A new photograph of Mars suggests that huge lakes of liquid water might lie underneath the Red Planet's surface.
The find has raised hopes that life may have once existed on the planet - and might even still be there.
Nasa said that the image "adds to an increasingly complex picture" of our nearest neighbouring planet.
Researchers analysed data from the Mars Reconnaissance Orbiter spacecraft as it looked down on the floor of the McLaughlin Crater, which is 57 miles in diameter and over 1.4 miles deep.
The picture showed that the crater was once deep enough to let underground water flow into its interior.
There is no water there now, but flattened rocks in layers on the crater's bottom, which include carbonate and clay minerals, suggest it was once abundant inside the crater.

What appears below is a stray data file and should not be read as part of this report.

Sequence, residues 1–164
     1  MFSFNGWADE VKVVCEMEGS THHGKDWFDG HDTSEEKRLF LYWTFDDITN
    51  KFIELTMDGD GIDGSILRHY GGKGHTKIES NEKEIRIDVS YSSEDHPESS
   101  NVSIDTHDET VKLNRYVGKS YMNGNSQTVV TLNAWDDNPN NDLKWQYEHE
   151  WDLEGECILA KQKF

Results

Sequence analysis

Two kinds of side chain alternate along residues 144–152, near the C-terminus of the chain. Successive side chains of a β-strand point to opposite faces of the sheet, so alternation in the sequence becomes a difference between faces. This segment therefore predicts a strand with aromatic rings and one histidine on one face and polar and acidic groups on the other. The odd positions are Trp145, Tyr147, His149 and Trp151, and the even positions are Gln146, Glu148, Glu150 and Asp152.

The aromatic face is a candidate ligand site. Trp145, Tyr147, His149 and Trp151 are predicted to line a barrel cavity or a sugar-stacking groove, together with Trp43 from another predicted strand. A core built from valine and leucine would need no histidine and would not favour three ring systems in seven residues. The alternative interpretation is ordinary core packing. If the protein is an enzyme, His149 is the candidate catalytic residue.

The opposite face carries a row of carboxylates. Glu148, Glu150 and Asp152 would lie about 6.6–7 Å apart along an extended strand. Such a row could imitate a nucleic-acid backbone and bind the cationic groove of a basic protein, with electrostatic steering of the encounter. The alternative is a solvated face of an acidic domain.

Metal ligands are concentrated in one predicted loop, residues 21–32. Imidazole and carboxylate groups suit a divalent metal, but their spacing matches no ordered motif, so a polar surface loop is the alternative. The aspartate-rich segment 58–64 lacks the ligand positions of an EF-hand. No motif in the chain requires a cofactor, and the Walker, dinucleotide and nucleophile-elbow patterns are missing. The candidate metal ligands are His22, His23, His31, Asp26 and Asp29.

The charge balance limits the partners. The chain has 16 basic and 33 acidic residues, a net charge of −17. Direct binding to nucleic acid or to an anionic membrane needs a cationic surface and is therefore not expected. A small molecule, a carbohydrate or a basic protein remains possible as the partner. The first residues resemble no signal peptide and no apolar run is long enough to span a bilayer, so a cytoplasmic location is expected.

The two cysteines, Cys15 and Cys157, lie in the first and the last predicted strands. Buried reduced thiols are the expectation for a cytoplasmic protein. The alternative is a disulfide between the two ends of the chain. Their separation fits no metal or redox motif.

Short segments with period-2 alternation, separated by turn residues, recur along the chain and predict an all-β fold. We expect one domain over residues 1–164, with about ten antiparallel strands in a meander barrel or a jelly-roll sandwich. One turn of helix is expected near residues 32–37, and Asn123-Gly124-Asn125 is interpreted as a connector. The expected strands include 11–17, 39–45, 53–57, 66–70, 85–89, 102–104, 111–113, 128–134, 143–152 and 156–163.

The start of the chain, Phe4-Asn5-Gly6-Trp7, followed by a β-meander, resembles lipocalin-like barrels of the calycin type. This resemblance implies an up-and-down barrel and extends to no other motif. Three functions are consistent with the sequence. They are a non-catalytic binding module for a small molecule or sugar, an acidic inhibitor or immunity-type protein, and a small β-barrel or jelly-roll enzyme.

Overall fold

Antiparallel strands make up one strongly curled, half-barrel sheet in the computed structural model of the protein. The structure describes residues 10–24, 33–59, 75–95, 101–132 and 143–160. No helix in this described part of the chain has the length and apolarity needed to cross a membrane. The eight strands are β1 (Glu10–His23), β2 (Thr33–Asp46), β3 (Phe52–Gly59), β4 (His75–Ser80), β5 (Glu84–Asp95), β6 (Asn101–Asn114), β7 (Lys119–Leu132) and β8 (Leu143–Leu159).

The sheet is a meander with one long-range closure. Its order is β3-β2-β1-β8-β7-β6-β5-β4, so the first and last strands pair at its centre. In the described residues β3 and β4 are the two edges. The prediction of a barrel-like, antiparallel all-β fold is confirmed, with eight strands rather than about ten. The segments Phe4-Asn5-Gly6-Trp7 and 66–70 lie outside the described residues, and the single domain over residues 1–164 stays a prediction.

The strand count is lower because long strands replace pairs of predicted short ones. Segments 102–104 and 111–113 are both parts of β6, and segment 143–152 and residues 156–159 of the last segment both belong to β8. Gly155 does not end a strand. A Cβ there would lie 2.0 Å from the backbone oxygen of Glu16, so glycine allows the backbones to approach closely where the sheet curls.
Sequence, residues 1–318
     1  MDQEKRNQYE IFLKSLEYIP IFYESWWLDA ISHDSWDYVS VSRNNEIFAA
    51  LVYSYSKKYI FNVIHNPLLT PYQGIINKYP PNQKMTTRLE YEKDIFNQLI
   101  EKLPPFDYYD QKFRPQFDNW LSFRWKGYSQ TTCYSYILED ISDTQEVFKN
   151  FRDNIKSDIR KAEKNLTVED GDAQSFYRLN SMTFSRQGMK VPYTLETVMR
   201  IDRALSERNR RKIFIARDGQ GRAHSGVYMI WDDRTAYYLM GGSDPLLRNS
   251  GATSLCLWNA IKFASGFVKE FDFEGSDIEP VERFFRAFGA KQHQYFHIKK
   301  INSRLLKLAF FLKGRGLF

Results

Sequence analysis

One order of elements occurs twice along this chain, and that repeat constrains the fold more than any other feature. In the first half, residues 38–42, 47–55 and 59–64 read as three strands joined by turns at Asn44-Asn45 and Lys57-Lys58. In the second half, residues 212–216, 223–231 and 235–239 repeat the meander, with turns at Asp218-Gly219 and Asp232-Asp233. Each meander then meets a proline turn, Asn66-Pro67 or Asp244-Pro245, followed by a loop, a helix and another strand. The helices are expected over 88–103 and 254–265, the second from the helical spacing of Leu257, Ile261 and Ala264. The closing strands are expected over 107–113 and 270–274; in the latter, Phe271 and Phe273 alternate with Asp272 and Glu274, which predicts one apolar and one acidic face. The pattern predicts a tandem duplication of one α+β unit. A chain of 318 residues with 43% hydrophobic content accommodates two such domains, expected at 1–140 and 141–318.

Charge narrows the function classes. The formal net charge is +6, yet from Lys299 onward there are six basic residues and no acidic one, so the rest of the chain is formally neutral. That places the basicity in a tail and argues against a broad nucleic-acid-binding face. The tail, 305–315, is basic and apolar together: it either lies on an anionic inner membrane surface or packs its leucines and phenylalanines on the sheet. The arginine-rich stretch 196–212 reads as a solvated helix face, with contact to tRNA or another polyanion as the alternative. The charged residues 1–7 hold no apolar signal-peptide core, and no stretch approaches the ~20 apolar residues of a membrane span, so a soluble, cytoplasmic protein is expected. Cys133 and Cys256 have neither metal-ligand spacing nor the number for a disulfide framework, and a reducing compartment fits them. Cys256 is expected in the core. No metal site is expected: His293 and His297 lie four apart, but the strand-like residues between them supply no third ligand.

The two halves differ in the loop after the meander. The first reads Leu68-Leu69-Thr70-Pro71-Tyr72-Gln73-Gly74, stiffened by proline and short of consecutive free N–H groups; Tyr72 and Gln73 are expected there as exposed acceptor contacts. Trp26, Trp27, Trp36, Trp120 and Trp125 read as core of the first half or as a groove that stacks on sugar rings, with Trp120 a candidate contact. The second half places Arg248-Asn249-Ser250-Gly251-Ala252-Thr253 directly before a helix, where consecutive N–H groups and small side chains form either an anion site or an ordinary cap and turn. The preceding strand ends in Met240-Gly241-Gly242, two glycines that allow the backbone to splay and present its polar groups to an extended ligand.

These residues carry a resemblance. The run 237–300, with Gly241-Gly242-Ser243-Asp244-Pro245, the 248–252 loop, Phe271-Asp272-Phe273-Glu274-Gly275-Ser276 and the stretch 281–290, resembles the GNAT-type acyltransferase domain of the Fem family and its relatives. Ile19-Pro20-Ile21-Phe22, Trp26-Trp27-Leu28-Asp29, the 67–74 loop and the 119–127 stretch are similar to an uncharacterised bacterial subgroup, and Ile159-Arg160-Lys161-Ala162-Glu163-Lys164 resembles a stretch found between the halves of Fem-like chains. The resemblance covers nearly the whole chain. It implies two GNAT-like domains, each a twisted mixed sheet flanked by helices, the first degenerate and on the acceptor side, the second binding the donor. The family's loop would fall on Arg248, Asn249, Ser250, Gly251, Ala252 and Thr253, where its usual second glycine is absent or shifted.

It appears that the crater was filled with water from an underground lake, rather than being washed in from outside, Nasa said.
"Taken together, the observations in McLaughlin Crater provide the best evidence for carbonate forming within a lake environment instead of being washed into a crater from outside," said Joseph Michalski, lead author of the paper.
Researchers cited the fact that on Earth half of all living matter is made up of microbes living up to 3 miles underground.
The Mars Orbiter is currently working alongside other craft, including the $2.5 billion Curiosity rover currently drilling rocks on Mars' surface, in an effort to find evidence of life having once existed on the planet.